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The Fundraiser's Guide to Irresistible Communications: Real-World, Field-tested Strategies for Raising More Money Paperback – 4 Sep 2012

5.0 out of 5 stars 2 customer reviews

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Product details

  • Paperback: 143 pages
  • Publisher: Emerson & Church (4 Sept. 2012)
  • Language: English
  • ISBN-10: 1889102024
  • ISBN-13: 978-1889102023
  • Product Dimensions: 1.3 x 14 x 21.6 cm
  • Average Customer Review: 5.0 out of 5 stars  See all reviews (2 customer reviews)
  • Amazon Bestsellers Rank: 788,964 in Books (See Top 100 in Books)

Customer Reviews

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Top Customer Reviews

Format: Paperback
I've long been looking for a book that lays out the principles of fundraising DM. Now I've found it. It's useful to DM fundraisers at any point in their careers, but I especially recommend it to someone who is starting out and wants to know how to fundraise properly.

The book includes a guide to:

What works in direct response marketing
Your role as a fundraiser
Who donors are and how their brains work

It also includes:

Useful tips on improving response
Insights into successful writing and design

It is:

Admirably clear and easy to read. Jeff practices what he preaches.

This book should make you feel proud to be a fundraiser. And lucky. And equipped to fundraise well.
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Format: Paperback Verified Purchase
For experienced fundraisers this book is a great reminder of why we write the way we do and for the novice it's an absolute bible.
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Most Helpful Customer Reviews on Amazon.com (beta)

Amazon.com: 4.8 out of 5 stars 35 reviews
51 of 52 people found the following review helpful
5.0 out of 5 stars Finally, master DM fundraiser Jeff Brooks spills his guts 4 Sept. 2012
By Tom Ahern - Published on Amazon.com
Format: Paperback
This will not be a typical review. First, full disclosure, I know Jeff Brooks by reputation. He was a creative principal at Seattle's legendary Domain Group. The Domain Group was one of those shooting stars in the fundraising industry: they did pioneering work, they blazed new trails for 15 years or so, and now they're gone; bought out ... but not forgotten. These days, Jeff works for TrueSense, a national-level direct mail firm. Insiders rank him among America's very best fundraising copywriters. He also writes, as a public service, the incomparable Future Fundraising Now blog, a professional "tips" bastion of common sense and best practices. Second, full disclosure, although I've only met Jeff once face to face, a decade ago, we do exchange emails, mostly about the mysteries of direct mail. He's the master. I'm the cravenly humble student. Jeff sent me the manuscript for his book a few months ago, to see what I thought. I read it once. I read it twice. And now I flip through it repeatedly every chance I get. Why? Because I write fundraising direct mail for a living. And the only reason I have long-standing clients is because I make them money. And the only reason I can predictably make them money is because I've learned from incomparable masters like Jeff. He is at the very front of a very short line of experts. This book fully reveals what runs through Jeff's mind as he writes a successful direct mail appeal. It's fascinating and unpredictable. There is nothing else like it in the how-to book market (and I buy them all, out of desperation). Jeff's new book is a gift to the nonprofit world. Buy it. Learn from the very best.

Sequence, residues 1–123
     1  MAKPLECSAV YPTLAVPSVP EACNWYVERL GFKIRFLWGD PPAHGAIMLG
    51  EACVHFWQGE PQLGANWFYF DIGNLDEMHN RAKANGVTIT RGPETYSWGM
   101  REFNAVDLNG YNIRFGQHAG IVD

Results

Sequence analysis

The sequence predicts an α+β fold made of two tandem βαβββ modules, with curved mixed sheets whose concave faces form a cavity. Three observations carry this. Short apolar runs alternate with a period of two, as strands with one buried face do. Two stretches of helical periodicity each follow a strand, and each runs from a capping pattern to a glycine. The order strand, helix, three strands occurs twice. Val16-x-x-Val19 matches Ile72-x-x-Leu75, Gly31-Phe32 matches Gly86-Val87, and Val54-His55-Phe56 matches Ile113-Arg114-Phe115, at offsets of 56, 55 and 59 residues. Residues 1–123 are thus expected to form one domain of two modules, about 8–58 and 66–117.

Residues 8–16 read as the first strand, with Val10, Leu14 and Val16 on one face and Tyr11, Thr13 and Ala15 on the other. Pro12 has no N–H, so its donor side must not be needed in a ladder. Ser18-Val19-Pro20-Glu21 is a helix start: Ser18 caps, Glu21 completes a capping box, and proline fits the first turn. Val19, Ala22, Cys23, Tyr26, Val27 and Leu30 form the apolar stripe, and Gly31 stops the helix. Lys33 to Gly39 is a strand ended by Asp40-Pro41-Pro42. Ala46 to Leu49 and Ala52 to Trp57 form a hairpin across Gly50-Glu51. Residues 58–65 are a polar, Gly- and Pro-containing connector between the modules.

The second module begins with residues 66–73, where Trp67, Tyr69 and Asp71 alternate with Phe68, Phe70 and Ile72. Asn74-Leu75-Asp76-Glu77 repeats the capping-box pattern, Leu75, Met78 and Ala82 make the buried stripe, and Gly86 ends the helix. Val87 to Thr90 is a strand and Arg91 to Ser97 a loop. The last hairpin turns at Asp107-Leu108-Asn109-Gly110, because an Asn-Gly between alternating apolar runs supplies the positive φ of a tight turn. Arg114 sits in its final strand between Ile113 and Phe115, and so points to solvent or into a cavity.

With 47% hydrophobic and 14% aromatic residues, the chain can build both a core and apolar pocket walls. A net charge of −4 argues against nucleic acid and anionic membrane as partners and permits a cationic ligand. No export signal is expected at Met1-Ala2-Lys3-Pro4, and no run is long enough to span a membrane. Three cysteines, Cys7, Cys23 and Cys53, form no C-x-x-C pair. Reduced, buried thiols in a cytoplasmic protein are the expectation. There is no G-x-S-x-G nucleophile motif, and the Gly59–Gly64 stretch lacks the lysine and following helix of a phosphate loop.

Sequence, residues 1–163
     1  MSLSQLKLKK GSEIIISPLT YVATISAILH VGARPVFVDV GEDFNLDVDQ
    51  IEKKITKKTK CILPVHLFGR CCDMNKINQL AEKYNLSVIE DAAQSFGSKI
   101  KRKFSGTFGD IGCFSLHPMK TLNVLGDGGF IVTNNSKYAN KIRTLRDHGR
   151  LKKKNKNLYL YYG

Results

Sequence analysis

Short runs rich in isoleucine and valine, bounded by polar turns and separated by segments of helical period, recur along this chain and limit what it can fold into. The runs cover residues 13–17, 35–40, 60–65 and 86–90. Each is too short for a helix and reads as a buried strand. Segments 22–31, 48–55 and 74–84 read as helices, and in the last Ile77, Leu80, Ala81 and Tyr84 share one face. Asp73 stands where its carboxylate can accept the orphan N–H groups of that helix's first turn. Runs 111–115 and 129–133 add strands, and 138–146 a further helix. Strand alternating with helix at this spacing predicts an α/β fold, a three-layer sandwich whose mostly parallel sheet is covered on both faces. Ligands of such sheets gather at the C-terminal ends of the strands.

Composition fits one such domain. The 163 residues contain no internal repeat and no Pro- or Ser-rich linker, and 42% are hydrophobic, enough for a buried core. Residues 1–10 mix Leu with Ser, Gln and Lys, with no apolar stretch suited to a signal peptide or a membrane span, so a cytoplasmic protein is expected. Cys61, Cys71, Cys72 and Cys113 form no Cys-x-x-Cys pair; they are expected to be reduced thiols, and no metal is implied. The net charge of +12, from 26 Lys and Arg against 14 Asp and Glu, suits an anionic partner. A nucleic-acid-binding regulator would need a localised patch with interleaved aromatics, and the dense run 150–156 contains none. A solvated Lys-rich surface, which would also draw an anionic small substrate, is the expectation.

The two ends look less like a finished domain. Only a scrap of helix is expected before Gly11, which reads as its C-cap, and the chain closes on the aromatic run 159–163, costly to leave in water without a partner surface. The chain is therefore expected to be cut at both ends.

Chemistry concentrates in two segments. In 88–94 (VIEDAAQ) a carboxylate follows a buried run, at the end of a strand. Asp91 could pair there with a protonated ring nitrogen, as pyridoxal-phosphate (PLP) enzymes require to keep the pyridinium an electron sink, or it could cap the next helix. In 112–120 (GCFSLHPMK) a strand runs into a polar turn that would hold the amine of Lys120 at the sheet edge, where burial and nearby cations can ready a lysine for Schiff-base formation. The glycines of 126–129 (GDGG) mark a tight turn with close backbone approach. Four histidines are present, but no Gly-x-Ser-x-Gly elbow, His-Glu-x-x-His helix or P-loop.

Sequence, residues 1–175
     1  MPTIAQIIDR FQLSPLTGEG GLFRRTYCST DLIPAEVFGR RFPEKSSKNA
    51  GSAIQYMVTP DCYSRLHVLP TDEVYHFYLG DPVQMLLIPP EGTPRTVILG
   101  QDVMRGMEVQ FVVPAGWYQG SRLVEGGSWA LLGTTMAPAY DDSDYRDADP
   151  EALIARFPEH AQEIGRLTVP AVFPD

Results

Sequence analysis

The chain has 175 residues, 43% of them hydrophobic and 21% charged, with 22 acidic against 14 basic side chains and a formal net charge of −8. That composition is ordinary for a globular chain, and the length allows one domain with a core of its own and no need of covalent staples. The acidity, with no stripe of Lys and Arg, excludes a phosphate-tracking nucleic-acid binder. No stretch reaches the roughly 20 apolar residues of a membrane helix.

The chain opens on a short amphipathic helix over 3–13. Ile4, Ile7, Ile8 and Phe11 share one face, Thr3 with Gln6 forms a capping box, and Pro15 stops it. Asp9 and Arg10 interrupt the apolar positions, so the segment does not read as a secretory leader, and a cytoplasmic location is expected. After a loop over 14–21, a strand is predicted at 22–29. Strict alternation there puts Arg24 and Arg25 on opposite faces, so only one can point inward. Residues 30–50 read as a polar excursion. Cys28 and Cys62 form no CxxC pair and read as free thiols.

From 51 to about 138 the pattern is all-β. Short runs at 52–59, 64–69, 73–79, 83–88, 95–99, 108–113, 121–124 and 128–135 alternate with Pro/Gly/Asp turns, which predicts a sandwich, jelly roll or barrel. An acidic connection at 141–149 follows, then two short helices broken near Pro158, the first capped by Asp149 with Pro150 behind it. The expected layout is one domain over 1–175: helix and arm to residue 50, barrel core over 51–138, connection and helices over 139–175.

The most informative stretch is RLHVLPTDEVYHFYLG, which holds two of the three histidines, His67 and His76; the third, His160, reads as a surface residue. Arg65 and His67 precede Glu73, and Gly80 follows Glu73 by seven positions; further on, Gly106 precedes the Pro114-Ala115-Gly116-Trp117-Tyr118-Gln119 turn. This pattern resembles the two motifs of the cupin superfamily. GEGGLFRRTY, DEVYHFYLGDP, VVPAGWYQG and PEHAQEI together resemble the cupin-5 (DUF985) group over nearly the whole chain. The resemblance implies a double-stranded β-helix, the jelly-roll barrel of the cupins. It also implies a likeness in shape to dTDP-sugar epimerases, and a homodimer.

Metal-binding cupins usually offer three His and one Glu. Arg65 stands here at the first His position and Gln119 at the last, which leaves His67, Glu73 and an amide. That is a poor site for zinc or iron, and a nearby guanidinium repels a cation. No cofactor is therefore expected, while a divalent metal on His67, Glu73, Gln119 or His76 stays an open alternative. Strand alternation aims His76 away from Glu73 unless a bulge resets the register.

9 of 9 people found the following review helpful
5.0 out of 5 stars Give a copy to anyone who reviews or edits your fundraising copy 28 Nov. 2012
By Elizabeth - Published on Amazon.com
Format: Paperback Verified Purchase
Intially, I was skeptical about this book. All of the reviews seemed to be from people who knew the author or are professional copywriters, and they were a little too persuasive and polished. "This is the best fundraising book ever," etc.

I'm 20something fundraiser getting a crash course in the science of fundraising. I've never met the author nor do I plan do. I'm in online fundraising, but these concepts translate easily.

This book is a great summary of the concepts I've discovered over the last 6-8 months about effective fundraising. It's the sort of book that gives you a foundation. It would would be great to come back to before you write copy or use it to get everyone in your organization on the same page about the purpose of your fundraising communications.